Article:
Dir: Tzahi Grad. Israel 2006. 96 mins.
A satirical social comedy turns into a terrific, slow-burn revenge drama in Israeli actor Tzahi Grad's second directorial outing. Though the rough, low-budget production values will put off mainstream distributors, arthouse and genre specialists should take a look at this title, whose strong script and bravura performances - especially from Gal Zaid as the small guy who decides to stand up to the big boss - more than make up for its lack of technical polish.
After lifting first prize at the Haifa film festival in October 2006 (fending off a challenge from the fine My Father My Lord), Foul Gesture disappeared again before reemerging at the Zabaltegi (New Directors) section at this year's San Sebastian festival, where audience response was upbeat. It was still without a sales agent at the time of writing, but that anomaly is unlikely to last long.
The real pleasure of Foul Gesture is the way that it plays with the vendetta genre of the ordinary guy who is pushed to breaking point (Death Sentence, Old Boy), mixing it up with social comedy with a faint Gallic tinge and the sort of in-depth character study that revenge movies rarely attempt.
The film follows a cathartic week in the life of Michael Klienhouse (Gal Zaid), a former computer technician who is trying, and failing, to write a novel while his stressed-out surgeon wife Tamar (Keren Mor) brings in the money and rows with her spouse about who's going to pick up their bullied son David (Tal Grushka) from primary school.
The film is set in a Tel Aviv that could be any chaotic, messy conurbation just about anywhere in the world. On day one - Holocaust Memorial day - Tamar gives the finger to a guy in a showy off-road car who's beeping because she, Michael and David have stopped to buy falafel and are holding up the traffic.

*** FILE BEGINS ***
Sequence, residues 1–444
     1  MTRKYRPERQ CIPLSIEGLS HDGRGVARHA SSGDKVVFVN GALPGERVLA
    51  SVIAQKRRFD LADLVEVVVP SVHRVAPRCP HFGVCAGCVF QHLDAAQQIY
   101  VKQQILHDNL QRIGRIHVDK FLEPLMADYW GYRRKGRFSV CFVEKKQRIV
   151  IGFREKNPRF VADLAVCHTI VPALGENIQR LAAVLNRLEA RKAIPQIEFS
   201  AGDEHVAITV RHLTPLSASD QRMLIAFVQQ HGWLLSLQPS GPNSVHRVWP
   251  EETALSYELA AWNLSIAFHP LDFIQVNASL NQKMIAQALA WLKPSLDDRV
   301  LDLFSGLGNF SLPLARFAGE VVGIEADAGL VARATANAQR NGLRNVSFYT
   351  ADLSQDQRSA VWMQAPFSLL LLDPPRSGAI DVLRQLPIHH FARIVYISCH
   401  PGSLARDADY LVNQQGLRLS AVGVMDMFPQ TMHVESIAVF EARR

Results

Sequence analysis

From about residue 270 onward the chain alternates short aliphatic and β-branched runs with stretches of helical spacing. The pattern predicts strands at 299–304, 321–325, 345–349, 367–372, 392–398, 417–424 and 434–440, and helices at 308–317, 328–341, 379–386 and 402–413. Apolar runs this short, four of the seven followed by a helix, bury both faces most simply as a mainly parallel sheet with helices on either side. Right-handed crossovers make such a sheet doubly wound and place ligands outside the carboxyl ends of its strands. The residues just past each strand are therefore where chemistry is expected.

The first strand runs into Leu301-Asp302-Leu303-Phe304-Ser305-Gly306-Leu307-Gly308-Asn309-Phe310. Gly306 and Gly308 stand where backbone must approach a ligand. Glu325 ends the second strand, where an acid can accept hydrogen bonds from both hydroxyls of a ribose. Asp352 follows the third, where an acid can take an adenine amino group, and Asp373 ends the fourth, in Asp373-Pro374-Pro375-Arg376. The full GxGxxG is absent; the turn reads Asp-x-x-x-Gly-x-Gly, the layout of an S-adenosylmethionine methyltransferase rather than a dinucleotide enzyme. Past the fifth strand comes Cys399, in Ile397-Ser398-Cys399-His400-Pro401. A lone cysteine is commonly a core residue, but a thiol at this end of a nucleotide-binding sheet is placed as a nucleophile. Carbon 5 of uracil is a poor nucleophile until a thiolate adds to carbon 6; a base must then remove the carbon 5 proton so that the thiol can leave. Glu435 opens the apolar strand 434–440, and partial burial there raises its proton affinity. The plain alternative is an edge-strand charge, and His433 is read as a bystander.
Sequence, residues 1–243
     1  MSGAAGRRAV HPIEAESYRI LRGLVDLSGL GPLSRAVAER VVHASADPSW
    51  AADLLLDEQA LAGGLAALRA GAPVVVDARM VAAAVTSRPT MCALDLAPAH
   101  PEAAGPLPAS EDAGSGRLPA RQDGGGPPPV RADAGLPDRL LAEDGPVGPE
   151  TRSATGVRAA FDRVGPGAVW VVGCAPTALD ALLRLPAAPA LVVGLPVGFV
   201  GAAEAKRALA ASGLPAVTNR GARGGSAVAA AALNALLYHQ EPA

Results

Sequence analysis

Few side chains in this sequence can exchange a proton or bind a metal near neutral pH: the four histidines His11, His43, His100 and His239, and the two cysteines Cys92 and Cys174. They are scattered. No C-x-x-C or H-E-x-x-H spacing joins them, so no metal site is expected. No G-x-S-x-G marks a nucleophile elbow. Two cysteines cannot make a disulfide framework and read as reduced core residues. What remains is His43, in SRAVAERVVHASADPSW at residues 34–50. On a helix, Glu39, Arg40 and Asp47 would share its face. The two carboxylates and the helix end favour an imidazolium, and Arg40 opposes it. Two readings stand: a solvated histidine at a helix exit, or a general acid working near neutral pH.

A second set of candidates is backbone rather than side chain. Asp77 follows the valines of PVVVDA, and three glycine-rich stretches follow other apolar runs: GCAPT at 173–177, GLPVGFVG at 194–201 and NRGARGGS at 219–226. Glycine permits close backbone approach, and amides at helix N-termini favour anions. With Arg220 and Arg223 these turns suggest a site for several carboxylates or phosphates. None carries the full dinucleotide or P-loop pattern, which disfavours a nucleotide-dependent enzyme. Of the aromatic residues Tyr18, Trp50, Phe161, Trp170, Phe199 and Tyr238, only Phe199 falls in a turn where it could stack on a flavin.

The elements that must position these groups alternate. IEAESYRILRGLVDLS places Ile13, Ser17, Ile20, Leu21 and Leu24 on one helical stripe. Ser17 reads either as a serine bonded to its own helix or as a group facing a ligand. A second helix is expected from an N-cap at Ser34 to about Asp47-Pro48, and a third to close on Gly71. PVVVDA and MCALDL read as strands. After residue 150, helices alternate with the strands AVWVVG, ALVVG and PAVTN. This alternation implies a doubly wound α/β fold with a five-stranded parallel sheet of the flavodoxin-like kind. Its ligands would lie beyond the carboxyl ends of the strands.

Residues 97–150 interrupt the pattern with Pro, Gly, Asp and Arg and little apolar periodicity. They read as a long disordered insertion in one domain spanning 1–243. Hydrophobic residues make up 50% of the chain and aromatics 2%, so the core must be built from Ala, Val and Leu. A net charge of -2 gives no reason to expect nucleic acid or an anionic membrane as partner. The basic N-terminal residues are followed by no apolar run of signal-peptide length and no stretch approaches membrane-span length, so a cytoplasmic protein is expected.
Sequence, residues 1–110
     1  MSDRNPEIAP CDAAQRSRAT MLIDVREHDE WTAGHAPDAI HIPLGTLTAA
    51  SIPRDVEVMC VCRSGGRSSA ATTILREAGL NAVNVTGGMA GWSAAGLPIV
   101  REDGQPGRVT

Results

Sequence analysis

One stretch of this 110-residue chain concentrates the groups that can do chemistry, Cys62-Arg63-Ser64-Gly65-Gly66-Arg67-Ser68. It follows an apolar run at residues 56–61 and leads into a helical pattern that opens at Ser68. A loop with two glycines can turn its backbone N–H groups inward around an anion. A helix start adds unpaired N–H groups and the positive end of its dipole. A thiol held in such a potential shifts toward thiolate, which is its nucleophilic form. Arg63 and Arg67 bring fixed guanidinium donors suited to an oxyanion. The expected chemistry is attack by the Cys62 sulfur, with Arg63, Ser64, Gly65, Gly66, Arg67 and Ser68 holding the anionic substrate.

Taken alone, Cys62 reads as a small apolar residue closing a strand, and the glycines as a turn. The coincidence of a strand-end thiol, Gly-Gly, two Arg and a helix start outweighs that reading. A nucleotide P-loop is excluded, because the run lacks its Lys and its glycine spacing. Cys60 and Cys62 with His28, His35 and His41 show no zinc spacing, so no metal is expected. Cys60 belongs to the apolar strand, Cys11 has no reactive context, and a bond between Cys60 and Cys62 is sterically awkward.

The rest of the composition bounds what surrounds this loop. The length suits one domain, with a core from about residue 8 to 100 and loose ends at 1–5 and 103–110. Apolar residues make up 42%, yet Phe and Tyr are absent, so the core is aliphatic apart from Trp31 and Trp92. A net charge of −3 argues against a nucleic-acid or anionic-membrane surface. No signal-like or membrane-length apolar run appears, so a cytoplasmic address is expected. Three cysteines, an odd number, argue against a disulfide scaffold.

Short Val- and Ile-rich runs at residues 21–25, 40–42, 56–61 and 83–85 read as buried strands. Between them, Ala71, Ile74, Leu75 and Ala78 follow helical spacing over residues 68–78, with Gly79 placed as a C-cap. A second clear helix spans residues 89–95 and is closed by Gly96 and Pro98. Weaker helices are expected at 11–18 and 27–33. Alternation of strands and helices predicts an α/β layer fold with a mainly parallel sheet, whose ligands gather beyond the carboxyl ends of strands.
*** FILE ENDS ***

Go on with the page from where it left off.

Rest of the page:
The driver slams into the open door, narrowly missing Tamar, but outwardly calm Michael - the 'rationalist', as his incensed wife calls him - refuses to chase after the culprit. Instead, he goes to the police with the number-plate, only to discover that the driver is a big-shot called Dreyfus (Asher Tsarfati), a former Israeli war hero who is now a home-grown mafia boss with political connections.
The police warn Michael to back off - 'it's only a door' is a recurrent phrase - but Michael insists on contacting Dreyfus so that they can sort out the problem in a civilised fashion.
Things spiral, of course. But the clever thing about the script, backed up by Zaid's fine performance, is the way that Michael's progression from mild-mannered, defeatist family guy to courageous avenging hero is realistic every step of the way - at least until the final showdown, which is so unexpectedly over-the-top it feels like an ironic, tension-releasing nod to the conventions of the genre (at both San Sebastian screenings, the audience burst into applause at this point).
There's a real sense of menace and jeopardy all the way through, especially in a powerfully dramatic scene where Michael takes his son along to meet Dreyfus and his henchmen in a cafe. Dreyfus' HQ is a bar and sex club called the Magic Garden which looks at first glance like an anonymous business hotel; this touch of disorienting ordinariness keeps the symbolism of the place as a playground for the decadent Israeli nomenklatura from getting too heavy.
And the soundtrack - Spanish guitar licks, and a waltz-like theme song, plays nicely against the dark mood of the main revenge plot.
But the film is veined with comedy (not all of it dark) and social satire too - in the stand-off between Tamar and her son-worshipping mother-in-law, or in a recurring gag revolving around the numerous Israeli public holidays where everyone is supposed to stop what they're doing and observe a minute's silence when the sirens sound.
There's also a neat scene in which Michael's wheeler-dealer cousin sells a consignment of Israeli flags to Palestinians in the Occupied Territories - so they can burn them in front of the TV cameras.
Not everything works. Though the editing is mostly tight and elliptical, there are some distracting impressionistic passages that are more style than substance. And one or two cuts in the same scene from one lighting set-up to another reveal the film's shoestring budget. But Foul Gesture has enough verve to overcome its flaws.
Itzhak (Tzahi) Grad
Tnuah Meguna Ltd
Moris ben Mayor